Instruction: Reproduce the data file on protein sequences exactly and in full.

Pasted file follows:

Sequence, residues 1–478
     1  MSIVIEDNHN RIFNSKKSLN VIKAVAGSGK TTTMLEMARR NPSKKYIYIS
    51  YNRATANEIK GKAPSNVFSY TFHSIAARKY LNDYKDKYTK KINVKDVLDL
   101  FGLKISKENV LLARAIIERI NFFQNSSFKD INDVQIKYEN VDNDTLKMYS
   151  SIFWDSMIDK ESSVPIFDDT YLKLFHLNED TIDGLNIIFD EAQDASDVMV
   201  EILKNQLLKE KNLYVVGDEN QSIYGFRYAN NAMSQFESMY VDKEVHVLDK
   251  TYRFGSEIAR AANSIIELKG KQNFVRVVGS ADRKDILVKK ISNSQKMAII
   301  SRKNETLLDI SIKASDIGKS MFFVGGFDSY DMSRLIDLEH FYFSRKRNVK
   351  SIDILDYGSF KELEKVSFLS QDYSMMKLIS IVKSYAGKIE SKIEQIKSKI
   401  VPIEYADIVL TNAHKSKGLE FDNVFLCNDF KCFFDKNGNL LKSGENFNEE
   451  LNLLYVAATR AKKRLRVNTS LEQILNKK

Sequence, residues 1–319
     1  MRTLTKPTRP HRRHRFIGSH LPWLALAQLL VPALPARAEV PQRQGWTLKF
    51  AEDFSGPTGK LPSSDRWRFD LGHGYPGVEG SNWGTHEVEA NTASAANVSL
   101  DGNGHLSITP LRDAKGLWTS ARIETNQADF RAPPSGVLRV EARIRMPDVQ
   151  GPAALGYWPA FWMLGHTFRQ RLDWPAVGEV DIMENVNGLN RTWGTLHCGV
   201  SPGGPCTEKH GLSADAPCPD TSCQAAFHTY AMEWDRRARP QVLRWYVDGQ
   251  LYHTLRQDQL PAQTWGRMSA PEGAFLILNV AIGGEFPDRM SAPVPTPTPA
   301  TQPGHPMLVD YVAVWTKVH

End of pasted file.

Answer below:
Sequence, residues 1–478
     1  MSIVIEDNHN RIFNSKKSLN VIKAVAGSGK TTTMLEMARR NPSKKYIYIS
    51  YNRATANEIK GKAPSNVFSY TFHSIAARKY LNDYKDKYTK KINVKDVLDL
   101  FGLKISKENV LLARAIIERI NFFQNSSFKD INDVQIKYEN VDNDTLKMYS
   151  SIFWDSMIDK ESSVPIFDDT YLKLFHLNED TIDGLNIIFD EAQDASDVMV
   201  EILKNQLLKE KNLYVVGDEN QSIYGFRYAN NAMSQFESMY VDKEVHVLDK
   251  TYRFGSEIAR AANSIIELKG KQNFVRVVGS ADRKDILVKK ISNSQKMAII
   301  SRKNETLLDI SIKASDIGKS MFFVGGFDSY DMSRLIDLEH FYFSRKRNVK
   351  SIDILDYGSF KELEKVSFLS QDYSMMKLIS IVKSYAGKIE SKIEQIKSKI
   401  VPIEYADIVL TNAHKSKGLE FDNVFLCNDF KCFFDKNGNL LKSGENFNEE
   451  LNLLYVAATR AKKRLRVNTS LEQILNKK

Sequence, residues 1–319
     1  MRTLTKPTRP HRRHRFIGSH LPWLALAQLL VPALPARAEV PQRQGWTLKF
    51  AEDFSGPTGK LPSSDRWRFD LGHGYPGVEG SNWGTHEVEA NTASAANVSL
   101  DGNGHLSITP LRDAKGLWTS ARIETNQADF RAPPSGVLRV EARIRMPDVQ
   151  GPAALGYWPA FWMLGHTFRQ RLDWPAVGEV DIMENVNGLN RTWGTLHCGV
   201  SPGGPCTEKH GLSADAPCPD TSCQAAFHTY AMEWDRRARP QVLRWYVDGQ
   251  LYHTLRQDQL PAQTWGRMSA PEGAFLILNV AIGGEFPDRM SAPVPTPTPA
   301  TQPGHPMLVD YVAVWTKVH